When Gillian duCharme, headmistress of an independent girls' school, spent a week as a supply teacher in a comprehensive, she had to adapt her classroom style - fast. Hilary Wilce reports
One day last May, Gillian duCharme, headmistress of Benenden School, the Pounds 14,000-a-year independent girls' school, drove out of her school's 250 acres of Kent parkland to spend a week supply teaching at a comprehensive in east London. The result is a gripping television documentary to be screened on BBC2 next week, painful in its exposure of the gulf between these two worlds, compelling in its scrutiny of classroom survival.
Viewers will acknowledge her bravery in putting herself on the line like this, but may come to wonder, as her week at Forest Gate Community School in the London borough of Newham progresses, whether it isn't something more akin to foolhardiness, or even innocence about the true extent of the divide she has stepped across.
"I'm curious," she says. "That's why I did it. And I like a challenge. I thought it would be a very, very good learning experience, and how often do you get to go inside a school for more than just a half-day visit? Especially a maintained school? Never. Also I don't mind making mistakes. Some people do, but I don't. After all, it's when you make the most mistakes that you're learning the fastest."
So what did she learn? "I don't think I came away with any elevated thoughts - I was far too exhausted."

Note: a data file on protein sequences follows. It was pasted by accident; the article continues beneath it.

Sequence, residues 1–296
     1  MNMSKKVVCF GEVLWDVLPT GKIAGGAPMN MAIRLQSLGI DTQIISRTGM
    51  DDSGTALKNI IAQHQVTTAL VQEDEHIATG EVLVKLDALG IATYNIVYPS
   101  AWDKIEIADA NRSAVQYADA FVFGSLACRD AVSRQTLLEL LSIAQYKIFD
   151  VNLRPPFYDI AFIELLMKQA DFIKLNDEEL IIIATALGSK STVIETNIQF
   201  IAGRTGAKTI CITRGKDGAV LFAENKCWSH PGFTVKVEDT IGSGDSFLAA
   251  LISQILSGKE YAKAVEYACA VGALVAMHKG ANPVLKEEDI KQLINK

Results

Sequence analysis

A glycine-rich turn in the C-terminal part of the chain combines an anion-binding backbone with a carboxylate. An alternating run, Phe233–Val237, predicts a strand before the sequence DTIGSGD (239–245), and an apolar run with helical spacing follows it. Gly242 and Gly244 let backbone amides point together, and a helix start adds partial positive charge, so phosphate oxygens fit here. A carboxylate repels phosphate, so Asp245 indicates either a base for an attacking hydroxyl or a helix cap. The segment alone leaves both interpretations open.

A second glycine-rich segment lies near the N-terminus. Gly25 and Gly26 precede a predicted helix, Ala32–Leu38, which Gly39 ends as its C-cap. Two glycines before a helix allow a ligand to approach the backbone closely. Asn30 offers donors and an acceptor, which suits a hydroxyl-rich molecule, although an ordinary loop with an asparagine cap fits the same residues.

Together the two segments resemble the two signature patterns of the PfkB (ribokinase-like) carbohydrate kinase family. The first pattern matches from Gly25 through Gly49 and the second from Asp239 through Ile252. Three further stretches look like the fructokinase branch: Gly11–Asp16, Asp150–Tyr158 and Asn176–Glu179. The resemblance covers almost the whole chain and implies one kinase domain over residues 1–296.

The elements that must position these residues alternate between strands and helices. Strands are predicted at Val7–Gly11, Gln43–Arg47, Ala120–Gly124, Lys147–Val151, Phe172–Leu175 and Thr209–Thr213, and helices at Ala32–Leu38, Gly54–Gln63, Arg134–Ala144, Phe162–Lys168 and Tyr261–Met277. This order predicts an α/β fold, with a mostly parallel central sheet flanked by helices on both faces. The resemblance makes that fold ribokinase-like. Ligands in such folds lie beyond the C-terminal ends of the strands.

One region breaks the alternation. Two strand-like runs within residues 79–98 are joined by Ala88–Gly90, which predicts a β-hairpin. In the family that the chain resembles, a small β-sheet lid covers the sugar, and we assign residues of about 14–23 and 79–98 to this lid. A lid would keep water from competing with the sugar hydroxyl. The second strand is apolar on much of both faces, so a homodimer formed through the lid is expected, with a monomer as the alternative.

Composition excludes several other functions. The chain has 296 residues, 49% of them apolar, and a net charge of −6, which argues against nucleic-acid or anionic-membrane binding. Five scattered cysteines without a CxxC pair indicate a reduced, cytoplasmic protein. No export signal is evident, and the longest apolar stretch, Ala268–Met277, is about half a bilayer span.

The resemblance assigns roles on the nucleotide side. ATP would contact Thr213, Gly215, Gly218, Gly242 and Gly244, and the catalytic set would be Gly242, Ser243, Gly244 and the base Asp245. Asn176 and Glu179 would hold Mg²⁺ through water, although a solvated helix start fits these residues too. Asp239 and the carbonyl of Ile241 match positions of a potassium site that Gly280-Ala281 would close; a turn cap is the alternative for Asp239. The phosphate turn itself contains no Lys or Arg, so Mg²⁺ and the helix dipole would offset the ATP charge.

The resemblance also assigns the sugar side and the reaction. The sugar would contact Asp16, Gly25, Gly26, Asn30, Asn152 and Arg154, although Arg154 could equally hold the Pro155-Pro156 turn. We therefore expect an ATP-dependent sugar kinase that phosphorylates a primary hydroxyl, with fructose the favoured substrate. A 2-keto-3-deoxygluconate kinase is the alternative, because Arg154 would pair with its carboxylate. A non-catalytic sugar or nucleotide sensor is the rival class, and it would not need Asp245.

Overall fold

In fact she learned that she would need to adapt her classroom style fast to survive at Forest Gate. She would need to be tougher on the dreaded mixed-ability 9T, and talk less and listen more if she was to meet all the needs in her streamed, but still very varied, French class. She learned that money in the Pounds 1,600-per-head-per-year school is "quite tight" and not nearly enough to provide good opportunities. "They go swimming twice a term, it nearly broke my heart. We have our swimming pool right there." And she learned that there were things that went on at the school that she questioned fundamentally.
One was the leadership style of head Andy Richardson, who keeps a tight, managerial grip on his school. "The place runs very well. You can feel the calm and order as soon as you walk in there. But I thought at the time, and I still think, that he should get out more and do some teaching."
Another is the role of the support teachers, there to help statemented pupils cope in mainstream classes. "But as far as I was concerned, most of them were sitting there doing nothing. Talk about an easy ride. I feel quite strongly about this. I just don't understand it. There must be support teachers who are very supportive, I may have just not struck lucky, but I thought: if you haven't got any money, why waste it on that? Why not take the students out of the classroom, if they can't cope, at least for some periods every week and give them extra help, and then put them back in the classroom?
All this business about you can't take them out of the classroom is rubbish. No one's going to persuade me that it's a good system in the way I saw it."
Which leads on to the thing she learned most from her week: to prize anew her own school's independence. "We wouldn't dream of having anything like that where I work, because we make our own decisions. We might try it, but we wouldn't carry on with it. And that's the thing I now value even more than I did, because if you've got a good idea and there's money in the budget, you can try it, and if it doesn't work, you can ditch it and try something else. "